Agriculture and Income Distribution in Rural Vietnam under Economic Reforms: A Tale of Two Regions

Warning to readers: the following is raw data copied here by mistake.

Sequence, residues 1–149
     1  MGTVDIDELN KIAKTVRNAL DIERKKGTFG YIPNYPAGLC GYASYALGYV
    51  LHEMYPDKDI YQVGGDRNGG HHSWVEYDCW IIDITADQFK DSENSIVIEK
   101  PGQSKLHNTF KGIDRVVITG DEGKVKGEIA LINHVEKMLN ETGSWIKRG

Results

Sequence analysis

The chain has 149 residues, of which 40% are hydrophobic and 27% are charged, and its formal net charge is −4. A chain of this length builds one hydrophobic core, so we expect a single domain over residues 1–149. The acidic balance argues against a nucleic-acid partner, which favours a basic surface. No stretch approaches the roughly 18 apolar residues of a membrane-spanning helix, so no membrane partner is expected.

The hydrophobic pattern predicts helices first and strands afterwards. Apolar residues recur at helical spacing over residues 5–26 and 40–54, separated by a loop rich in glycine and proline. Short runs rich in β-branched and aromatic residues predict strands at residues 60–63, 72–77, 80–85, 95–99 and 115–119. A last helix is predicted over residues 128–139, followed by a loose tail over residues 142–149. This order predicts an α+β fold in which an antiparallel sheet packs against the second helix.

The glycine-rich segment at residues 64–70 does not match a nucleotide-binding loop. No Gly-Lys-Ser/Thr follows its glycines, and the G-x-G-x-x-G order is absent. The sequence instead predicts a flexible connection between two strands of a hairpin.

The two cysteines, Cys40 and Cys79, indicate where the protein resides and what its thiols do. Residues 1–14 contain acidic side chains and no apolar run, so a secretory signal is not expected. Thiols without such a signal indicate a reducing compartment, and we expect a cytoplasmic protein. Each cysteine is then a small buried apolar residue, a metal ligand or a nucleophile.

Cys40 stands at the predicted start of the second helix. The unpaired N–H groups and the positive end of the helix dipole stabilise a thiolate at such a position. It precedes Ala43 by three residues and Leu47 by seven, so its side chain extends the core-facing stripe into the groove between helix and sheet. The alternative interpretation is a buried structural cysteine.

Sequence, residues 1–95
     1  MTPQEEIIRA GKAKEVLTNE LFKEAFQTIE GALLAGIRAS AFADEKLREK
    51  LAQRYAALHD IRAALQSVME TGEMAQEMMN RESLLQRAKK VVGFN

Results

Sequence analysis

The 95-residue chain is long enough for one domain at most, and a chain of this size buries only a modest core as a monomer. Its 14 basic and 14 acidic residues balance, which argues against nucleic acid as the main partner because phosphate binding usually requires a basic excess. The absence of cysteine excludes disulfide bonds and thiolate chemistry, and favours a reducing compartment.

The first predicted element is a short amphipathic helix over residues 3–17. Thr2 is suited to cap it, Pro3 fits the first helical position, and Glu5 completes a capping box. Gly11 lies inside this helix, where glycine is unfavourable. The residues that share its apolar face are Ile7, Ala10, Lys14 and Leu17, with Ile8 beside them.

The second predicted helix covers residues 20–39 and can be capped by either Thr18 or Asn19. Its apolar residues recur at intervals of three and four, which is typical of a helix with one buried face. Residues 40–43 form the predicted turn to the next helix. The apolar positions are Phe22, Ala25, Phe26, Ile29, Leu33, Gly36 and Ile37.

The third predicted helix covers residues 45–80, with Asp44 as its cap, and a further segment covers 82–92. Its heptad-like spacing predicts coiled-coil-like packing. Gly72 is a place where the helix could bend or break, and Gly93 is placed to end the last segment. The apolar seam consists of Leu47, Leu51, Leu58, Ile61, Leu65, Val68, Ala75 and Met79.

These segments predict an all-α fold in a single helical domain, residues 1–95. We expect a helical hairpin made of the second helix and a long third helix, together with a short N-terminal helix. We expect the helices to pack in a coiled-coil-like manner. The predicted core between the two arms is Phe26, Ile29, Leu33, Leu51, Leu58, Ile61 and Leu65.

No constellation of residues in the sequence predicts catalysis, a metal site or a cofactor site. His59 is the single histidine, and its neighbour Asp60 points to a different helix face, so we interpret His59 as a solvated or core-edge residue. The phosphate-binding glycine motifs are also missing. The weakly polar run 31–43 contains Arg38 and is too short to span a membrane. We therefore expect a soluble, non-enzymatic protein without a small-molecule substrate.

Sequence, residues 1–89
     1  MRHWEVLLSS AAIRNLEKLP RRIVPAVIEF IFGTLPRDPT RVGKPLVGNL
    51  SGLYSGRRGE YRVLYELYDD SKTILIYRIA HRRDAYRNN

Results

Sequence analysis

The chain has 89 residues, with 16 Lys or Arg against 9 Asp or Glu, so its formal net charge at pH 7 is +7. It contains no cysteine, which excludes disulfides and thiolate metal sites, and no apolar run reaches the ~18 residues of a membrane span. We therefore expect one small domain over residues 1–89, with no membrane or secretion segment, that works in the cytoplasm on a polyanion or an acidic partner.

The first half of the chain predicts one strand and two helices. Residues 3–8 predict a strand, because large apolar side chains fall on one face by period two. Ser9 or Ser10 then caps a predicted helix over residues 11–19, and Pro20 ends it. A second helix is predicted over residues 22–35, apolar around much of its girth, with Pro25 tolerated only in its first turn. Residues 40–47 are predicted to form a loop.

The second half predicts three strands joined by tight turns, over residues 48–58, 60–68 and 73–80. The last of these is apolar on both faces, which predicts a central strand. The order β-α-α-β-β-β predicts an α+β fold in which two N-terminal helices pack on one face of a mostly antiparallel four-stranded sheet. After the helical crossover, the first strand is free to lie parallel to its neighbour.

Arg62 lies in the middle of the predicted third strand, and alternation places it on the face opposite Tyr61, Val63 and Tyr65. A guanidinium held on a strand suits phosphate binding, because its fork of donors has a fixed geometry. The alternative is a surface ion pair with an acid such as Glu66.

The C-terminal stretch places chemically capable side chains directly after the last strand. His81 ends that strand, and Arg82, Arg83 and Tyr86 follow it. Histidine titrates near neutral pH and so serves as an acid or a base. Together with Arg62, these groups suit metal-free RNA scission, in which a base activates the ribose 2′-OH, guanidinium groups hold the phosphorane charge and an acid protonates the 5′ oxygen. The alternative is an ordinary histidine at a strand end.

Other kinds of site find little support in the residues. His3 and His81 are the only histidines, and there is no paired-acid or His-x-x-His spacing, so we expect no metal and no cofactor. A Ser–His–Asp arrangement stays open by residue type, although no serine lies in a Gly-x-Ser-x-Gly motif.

This paper exploits the panel dimension of the Vietnam Living Standards Survey (VLSS) in order to analyze the main changes occurring in agriculture in Vietnam over the period 1993- 1998. This period was marked by a continuation of the reforms that began in 1988 with the implementation of Resolution 10, Vietnam’s own version of the Chinese Household Responsibility System. We focus on the impact of two main policy changes: first, the increase in the rice export quota and the significant increase in the price of rice, especially in the south; second, liberalization of the fertilizer market and the sharp drop in the price of fertilizer. To this end, we document changes in the empirically observable “institutional environment,” exploring changes in rice and other crop prices as well as fertilizer prices. With this as background, we explore changes in r ice production, consumption and marketing, and their links to changes in prices and incomes. We also estimate the degree to which these increases can be “explained” by increased use of inputs like fertilizer, cropping intensity, and increased yields. Finally, we investigate the distributional impacts of these changes, including a detailed examination of the linkages between rice marketing and income distribution using nonparametric econometric techniques. We find that the agricultural reforms had a largely beneficial impact on the well being of rural households throughout Vietnam, but that farmers in the south gained most, consistent with expectations given the policy changes. More generally, our conclusions suggest that market reforms can have a significant impact on incentives, without adverse consequences for income distribution.
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